The final talk was from NCDFREE founder Dr Alessandro Demaio, a Global Health Fellow at Harvard Medical School, who spoke about his experiences as a leader. To be a successful leader of a movement like NCDFREE, you must truly believe in your idea and speak about it passionately. Having a multi-disciplinary team is helpful with a clear and shared vision. Remain positive in spite of the challenges you face, focus on finding solutions not the problems, provide support to your teammates to continue achieving and keep evaluating your own performance.
Also featured in the bootcamp was a quiz to test our knowledge on NCDs, during which we learnt Halle Berry and Tom Hanks are among those suffering from diabetes! We were trained to relax and control our emotions with a session of yoga and meditation. And we participated in a group challenge to design a campaign and a 60 second film concept answering a real challenge facing the NCD community; the winning pitch will be made into an actual campaign film. The challenge facing my team was to devise a campaign involving smartphones to get young people to care about a disease they may not get for another 30 years. And I am delighted to say we came up with the winning pitch! We designed a film concept where a healthy and unhealthy person were using their smartphones to chat with their ‘future self’ 30 years ahead, and thus saw the consequences of their lifestyles on their health. We concluded the pitch encouraging viewers to join the #ticktock campaign (emphasising that their time is running out if they don’t improve their health) and share their healthy actions on social media. Check out the video of our winning pitch here: http://www.youtube.com/watch?v=ORe9_6ZZ1AM and if this becomes the next viral campaign, remember you heard it here first!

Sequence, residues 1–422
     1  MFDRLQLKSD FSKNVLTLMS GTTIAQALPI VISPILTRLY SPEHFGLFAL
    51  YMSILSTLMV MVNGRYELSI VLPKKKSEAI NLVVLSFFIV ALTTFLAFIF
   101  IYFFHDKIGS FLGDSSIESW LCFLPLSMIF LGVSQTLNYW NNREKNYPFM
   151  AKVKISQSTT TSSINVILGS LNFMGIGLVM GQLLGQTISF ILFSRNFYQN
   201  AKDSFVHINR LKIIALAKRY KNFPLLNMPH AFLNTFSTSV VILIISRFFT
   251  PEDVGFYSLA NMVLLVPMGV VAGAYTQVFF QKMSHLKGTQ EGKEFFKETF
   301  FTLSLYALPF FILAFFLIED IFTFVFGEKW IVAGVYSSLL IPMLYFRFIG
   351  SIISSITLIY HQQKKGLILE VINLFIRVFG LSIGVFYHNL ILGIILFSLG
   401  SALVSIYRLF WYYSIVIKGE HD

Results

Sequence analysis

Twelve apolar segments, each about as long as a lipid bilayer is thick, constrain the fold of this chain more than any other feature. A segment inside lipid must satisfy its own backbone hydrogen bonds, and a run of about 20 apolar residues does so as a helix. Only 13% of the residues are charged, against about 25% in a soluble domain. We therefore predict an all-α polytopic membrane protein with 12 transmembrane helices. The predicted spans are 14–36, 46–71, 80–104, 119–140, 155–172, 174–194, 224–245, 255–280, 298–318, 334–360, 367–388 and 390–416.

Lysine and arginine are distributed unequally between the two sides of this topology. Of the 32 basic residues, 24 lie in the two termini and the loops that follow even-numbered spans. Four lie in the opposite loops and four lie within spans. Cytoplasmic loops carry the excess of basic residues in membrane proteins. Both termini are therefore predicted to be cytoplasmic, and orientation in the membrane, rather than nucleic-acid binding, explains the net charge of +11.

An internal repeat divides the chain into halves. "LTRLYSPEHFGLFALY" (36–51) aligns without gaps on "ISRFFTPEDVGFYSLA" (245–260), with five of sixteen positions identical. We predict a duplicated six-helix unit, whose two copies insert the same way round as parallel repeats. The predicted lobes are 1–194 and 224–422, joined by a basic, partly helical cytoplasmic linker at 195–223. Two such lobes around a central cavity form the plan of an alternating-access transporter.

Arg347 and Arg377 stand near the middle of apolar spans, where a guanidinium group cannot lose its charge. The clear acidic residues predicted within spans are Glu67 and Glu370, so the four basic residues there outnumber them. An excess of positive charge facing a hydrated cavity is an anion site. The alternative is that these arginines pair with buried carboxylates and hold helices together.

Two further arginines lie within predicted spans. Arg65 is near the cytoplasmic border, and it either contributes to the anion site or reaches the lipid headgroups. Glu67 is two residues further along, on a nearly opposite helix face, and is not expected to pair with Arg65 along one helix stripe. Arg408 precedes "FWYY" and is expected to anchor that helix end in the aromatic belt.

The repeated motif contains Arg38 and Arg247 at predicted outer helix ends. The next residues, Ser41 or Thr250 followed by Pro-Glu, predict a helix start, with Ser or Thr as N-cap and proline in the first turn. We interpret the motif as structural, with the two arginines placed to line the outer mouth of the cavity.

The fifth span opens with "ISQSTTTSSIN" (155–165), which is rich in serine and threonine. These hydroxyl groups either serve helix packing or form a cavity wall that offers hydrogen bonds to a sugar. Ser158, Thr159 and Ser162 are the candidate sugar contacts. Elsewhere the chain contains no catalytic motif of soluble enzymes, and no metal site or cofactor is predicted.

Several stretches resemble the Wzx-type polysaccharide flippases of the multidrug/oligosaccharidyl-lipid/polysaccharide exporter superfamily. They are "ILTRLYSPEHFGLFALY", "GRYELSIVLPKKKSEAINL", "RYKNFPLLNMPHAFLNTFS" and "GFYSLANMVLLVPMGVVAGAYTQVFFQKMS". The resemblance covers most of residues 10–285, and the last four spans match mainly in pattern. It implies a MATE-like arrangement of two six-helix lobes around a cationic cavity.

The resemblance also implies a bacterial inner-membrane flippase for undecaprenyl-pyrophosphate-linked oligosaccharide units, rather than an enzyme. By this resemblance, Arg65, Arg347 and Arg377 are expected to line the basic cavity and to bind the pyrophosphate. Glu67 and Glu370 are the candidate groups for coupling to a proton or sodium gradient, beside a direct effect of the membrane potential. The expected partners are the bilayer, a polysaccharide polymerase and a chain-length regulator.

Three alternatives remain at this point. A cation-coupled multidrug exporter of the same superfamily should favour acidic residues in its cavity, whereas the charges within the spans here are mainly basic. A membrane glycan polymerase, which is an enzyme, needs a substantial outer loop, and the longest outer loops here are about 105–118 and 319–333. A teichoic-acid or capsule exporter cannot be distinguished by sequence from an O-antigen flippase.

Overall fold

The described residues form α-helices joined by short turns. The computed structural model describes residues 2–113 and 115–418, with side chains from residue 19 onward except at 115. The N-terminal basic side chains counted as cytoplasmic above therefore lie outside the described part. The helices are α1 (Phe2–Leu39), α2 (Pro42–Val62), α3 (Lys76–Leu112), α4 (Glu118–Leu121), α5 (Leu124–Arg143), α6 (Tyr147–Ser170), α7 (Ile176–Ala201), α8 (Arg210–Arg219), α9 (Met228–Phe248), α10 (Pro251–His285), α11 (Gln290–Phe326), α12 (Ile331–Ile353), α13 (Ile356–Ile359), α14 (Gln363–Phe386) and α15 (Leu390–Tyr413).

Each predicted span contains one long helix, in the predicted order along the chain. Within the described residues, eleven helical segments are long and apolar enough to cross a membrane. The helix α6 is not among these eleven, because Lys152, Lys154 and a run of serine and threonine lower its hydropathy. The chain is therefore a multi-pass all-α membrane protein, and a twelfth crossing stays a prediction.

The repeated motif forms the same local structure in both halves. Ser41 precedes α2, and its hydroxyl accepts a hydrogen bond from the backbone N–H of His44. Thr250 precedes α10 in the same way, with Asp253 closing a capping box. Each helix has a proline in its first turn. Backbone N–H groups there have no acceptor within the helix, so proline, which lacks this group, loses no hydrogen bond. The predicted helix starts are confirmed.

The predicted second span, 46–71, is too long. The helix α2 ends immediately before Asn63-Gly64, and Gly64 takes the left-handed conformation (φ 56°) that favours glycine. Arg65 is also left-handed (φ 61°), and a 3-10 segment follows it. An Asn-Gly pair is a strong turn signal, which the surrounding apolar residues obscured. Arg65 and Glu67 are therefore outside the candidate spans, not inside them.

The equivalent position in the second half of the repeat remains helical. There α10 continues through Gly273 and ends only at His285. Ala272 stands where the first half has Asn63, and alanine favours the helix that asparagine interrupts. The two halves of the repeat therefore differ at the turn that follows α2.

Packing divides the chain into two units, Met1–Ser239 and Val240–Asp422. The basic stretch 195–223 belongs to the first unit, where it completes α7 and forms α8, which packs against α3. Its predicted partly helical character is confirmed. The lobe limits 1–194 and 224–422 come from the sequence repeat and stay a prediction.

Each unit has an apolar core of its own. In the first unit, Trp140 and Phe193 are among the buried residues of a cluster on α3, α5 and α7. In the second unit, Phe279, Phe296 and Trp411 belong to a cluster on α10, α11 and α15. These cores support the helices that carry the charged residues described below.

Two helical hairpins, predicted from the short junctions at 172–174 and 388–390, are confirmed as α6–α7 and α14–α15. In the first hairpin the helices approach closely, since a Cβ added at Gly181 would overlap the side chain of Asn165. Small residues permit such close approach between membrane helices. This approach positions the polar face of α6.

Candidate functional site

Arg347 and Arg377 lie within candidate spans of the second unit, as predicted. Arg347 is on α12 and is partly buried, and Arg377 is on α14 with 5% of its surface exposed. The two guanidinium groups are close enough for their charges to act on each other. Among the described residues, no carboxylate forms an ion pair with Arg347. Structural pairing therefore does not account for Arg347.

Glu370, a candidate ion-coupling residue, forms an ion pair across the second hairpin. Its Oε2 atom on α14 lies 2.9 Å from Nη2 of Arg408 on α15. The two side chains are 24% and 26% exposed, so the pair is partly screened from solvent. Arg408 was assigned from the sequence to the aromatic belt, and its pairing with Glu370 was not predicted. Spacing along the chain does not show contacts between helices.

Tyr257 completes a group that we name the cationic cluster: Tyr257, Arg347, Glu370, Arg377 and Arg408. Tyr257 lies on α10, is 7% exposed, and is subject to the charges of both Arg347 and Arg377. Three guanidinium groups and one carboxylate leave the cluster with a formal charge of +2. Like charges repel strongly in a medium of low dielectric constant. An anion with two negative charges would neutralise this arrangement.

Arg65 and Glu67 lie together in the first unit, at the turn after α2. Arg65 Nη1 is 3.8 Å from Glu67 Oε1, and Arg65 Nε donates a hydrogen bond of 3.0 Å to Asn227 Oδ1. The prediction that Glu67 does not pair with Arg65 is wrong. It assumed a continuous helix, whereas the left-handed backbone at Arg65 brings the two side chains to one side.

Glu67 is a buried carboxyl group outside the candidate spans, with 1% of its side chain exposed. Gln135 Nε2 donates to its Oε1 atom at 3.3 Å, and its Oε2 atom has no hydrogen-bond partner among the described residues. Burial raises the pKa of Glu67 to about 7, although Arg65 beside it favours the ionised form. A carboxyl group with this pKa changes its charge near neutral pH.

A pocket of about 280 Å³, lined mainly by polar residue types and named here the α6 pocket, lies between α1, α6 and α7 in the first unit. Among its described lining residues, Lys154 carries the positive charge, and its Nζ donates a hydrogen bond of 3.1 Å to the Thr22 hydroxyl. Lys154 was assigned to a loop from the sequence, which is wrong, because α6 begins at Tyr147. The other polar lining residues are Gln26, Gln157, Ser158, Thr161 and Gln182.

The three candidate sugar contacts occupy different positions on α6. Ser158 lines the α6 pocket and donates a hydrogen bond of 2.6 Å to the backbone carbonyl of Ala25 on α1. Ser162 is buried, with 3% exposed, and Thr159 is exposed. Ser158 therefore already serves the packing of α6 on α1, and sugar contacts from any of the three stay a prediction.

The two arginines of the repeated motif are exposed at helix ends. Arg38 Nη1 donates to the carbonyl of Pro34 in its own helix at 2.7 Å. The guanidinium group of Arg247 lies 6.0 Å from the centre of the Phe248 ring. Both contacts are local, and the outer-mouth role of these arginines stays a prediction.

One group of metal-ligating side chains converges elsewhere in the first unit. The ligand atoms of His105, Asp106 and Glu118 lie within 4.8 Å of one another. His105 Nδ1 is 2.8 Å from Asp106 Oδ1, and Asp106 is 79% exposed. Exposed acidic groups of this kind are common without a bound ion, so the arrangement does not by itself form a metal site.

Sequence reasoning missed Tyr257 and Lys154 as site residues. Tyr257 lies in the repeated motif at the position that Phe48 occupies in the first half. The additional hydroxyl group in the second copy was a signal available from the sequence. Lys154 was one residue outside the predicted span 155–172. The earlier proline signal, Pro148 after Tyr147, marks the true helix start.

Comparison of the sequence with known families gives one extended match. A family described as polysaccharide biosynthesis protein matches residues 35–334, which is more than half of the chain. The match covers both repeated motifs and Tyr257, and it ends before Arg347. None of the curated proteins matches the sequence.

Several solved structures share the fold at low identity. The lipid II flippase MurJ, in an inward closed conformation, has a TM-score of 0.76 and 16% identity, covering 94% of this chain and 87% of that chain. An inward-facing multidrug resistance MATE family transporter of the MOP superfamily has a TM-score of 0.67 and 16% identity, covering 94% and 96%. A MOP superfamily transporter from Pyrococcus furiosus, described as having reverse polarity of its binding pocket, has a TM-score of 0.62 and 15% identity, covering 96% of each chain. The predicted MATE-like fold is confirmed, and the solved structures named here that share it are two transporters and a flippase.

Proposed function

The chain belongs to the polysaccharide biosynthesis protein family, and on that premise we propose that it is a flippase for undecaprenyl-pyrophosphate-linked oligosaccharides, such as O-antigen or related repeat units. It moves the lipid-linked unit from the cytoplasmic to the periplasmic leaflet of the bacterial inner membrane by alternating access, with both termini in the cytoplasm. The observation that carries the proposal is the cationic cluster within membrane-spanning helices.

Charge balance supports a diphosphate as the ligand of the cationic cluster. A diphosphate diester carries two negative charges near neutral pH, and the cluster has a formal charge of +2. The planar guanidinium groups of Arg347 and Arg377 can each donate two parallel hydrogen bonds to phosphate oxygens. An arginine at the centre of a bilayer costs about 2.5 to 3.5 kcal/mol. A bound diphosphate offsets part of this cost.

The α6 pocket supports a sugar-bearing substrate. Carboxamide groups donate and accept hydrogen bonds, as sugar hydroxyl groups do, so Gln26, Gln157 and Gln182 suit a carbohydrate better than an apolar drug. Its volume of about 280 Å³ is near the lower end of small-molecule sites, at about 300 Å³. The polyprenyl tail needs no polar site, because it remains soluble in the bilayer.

In the meantime NCDFREE has launched #theface of NCDs campaign encouraging people to share their stories of how NCDs have affected their lives, whether it’s affecting their own health or those they love, or observing the impact on local communities and work environments. Do you have an NCD story you would like to share? If so visit http://www.thefaceofncds.org, share your story and help change the face of NCDs.
This piece was originally published on Imperial College's Global Health blog Cafe Communique. It can be viewed here: http://cafecommunique.org/component/easyblog/?view=entry&id=58&Itemid=290
Dr. Anusha Seneviratne
My research is funded by the British Heart Foundation. To donate click sponsor me below.